Old 10-29-2011, 07:44 AM
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why are y'all being so mean to leadoff?
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  #95  
Old 10-29-2011, 07:47 AM
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why are y'all being so mean to leadoff?
Im not...im just sayin that if 45% of college grads are not working in their field, the 50% rate for teachers wouldn't be that significant.....Leadoff is my bubz...I heart him....even when he's wrong
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  #96  
Old 10-29-2011, 07:47 AM
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he's never wrong. Now apologize.
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  #97  
Old 10-29-2011, 07:50 AM
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he's never wrong. Now apologize.
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  #98  
Old 10-29-2011, 11:23 AM
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Im not...im just sayin that if 45% of college grads are not working in their field, the 50% rate for teachers wouldn't be that significant.....Leadoff is my bubz...I heart him....even when he's wrong
I heart you , too, bubs....even when you think I am wrong when I am actually right.
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  #99  
Old 10-29-2011, 12:19 PM
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Originally Posted by leadoff View Post
No....just the teachers who taught them that the leg bone's connected to the knee bone. Actually, there are loan forgiveness programs for health professionals who work in rural and under-served areas.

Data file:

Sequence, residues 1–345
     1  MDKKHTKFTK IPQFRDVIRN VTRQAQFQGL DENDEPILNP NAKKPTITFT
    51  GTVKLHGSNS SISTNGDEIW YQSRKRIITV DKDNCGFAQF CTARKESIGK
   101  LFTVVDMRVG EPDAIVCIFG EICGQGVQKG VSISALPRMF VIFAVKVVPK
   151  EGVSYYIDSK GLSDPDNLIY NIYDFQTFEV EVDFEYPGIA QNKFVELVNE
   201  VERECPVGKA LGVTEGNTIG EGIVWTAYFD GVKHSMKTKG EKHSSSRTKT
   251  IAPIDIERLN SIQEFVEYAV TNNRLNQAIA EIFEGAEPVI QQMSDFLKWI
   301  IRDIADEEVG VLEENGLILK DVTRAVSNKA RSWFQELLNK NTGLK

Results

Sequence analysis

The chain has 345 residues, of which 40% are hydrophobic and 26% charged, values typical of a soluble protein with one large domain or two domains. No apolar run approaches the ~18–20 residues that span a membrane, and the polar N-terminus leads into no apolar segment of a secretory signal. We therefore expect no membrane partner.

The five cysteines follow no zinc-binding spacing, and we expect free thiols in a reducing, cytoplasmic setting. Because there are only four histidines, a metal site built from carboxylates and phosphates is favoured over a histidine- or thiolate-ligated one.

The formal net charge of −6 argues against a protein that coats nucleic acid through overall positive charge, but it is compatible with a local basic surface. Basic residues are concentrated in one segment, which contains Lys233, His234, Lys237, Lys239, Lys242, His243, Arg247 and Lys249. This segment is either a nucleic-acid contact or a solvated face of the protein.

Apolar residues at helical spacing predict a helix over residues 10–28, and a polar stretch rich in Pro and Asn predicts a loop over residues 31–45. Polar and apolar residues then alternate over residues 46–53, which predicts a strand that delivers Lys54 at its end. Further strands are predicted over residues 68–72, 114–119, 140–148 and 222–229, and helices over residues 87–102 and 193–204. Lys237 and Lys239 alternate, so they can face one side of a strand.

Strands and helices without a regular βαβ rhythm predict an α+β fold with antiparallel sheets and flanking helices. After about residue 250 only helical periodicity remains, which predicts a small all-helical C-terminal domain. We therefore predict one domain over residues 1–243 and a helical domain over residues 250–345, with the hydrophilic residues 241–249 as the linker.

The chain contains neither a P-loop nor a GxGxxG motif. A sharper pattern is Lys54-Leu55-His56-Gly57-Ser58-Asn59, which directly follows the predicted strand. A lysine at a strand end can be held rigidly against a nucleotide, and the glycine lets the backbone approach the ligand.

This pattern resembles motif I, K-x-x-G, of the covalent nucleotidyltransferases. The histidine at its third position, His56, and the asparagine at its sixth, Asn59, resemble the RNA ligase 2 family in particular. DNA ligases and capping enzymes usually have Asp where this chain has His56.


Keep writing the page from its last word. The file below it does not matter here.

Actually, the teacher retention rate would suggest that a large number of would-be teachers do NOT know what they are getting into....considering that 50% of new teachers leave within the first 5 years. Below is a quote from a 2009 AJC article...notice the amount money Georgia spends to replace these teachers. Seems a teacher loan forgiveness program (which is a PARTIAL forgiveness at best, as I pointed out earlier in the thread) is much more cost-effective for us tax payers.

"About half of all teachers leave the profession within five years, according to the National Center for Education Statistics.

The state spends more than $400 million a year replacing them, according to the Georgia Professional Standards Commission."

http://blogs.ajc.com/get-schooled-bl...eachers-leave/
My daughter in law was going to school to be a teacher. It's bad down here as well she changed to another profession before she even started teaching.
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  #100  
Old 10-29-2011, 01:35 PM
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I heart you , too, bubs....even when you think I am wrong when I am actually right.
I will remember that when it actually happens
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  #101  
Old 10-29-2011, 02:02 PM
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Quote:
Originally Posted by leadoff View Post
No....just the teachers who taught them that the leg bone's connected to the knee bone. Actually, there are loan forgiveness programs for health professionals who work in rural and under-served areas.



Actually, the teacher retention rate would suggest that a large number of would-be teachers do NOT know what they are getting into....considering that 50% of new teachers leave within the first 5 years. Below is a quote from a 2009 AJC article...notice the amount money Georgia spends to replace these teachers. Seems a teacher loan forgiveness program (which is a PARTIAL forgiveness at best, as I pointed out earlier in the thread) is much more cost-effective for us tax payers.